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Tenants Rip Program Tying Rent Hikes to Landlord Investments

Tenants Rip Program Tying Rent Hikes to Landlord Investments
By Jillian Jonas | December 19, 2014
from City Limits

Bronx resident Soledad Franco has lived in her apartment since 1972, moving in when she was ten. A 2011 fire precipitated by an unlicensed electrician caused her to lose all of her belongings and become temporarily homeless. There have been at least four fires in the building since 2007—despite that, the owner won approval from state regulators on four occasions for extra increases to her rent.

Loraine Dellamore's building was allowed to deteriorate so badly and for so long that an organizer with the Flatbush Tenants Coalition (FTC) said the conditions were the worst she had ever seen, and included "sewage dripping on people's heads." As one of the tenant leaders, Dellamore spent two years fighting just to get basic repairs—and then contested the owner's bid for a rent increase, which she says was based on dubious costs.

Ed Maloney's Manhattan building converted to a condominium* in 2000. Soon after, the owner embarked on construction in some of the common areas. Much of it was done incorrectly or shoddily, which was well-documented by the tenant association, of which Maloney is president. Still, when the process was complete, Maloney's rent went up $171.68 per month.

They are three New Yorkers with a lot in common: All are long-term tenants living in rent-stabilized apartments. All underwent the process known as Major Capital Improvements (MCIs), where landlords can institute building-wide construction and raise rents in perpetuity—that is, pass the costs on to tenants, even after the work has actually been paid off. And all three believe they were abused by this system.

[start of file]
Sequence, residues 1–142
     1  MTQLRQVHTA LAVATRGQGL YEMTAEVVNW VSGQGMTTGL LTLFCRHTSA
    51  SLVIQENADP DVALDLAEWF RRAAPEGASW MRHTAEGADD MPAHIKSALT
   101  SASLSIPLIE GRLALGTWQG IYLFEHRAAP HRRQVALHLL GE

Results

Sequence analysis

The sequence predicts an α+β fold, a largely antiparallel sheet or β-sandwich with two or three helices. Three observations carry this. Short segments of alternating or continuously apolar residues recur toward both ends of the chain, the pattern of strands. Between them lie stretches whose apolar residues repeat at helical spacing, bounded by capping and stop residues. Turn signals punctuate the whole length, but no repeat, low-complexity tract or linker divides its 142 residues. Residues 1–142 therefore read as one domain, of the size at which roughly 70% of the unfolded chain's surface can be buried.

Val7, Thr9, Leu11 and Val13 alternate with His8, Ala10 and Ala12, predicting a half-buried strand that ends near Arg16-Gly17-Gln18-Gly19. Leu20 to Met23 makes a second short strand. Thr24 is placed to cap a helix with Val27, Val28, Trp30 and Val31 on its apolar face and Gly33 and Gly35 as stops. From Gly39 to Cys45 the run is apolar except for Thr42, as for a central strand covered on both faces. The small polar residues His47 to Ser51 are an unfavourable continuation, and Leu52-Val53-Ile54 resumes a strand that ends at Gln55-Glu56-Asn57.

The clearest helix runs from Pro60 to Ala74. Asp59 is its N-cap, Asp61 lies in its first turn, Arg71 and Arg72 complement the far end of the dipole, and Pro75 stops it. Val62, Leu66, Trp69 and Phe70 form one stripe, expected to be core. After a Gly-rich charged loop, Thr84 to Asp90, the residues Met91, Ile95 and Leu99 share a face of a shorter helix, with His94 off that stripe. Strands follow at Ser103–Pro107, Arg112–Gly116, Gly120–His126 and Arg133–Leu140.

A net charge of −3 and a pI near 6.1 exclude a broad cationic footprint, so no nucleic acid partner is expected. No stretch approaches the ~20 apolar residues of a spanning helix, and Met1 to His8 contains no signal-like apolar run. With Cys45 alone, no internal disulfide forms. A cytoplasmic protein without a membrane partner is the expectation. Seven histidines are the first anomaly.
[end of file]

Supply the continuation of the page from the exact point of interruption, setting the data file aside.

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NYC Tenants File $10M Lawsuit Against Overcharging Landlords

NEW YORK—Even the politicians of the city are not immune from constant harassment, eviction attempts, and overcharges from landlords—if they live in rent-regulated apartments. “I’ve lived here all my life,” said Assemblyman Keith Wright outside his apartment building at The Riverton complex. “Since my mother carried me over the bridge as a baby.”

The Riverton in Harlem complex was built in 1949, with over 1,200 units, and Assemblyman Wright’s mother was the first to move into her building at the time. The residential development largely served the African American population as other projects like Stuyvesant Town-Peter Cooper Village restricted their tenancy based on race.

Today, it is one big melting pot and everyone, market-rate tenants included, are standing together against harassment from the landlords, Compass Rock Real Estate LLC, which is owned by CW Financial.

On Thursday, tenants and Wright filed a lawsuit against Compass Rock for $10 million for years of overcharging tenants through a variety of methods. “They are trying to nickel and dime us to death,” said Darren Pearson, second vice chair of the Riverton Tenants’ Association. Wright, who chairs the Housing Committee, discovered he was being billed multiple times for capital improvements the landlord may not have even made.

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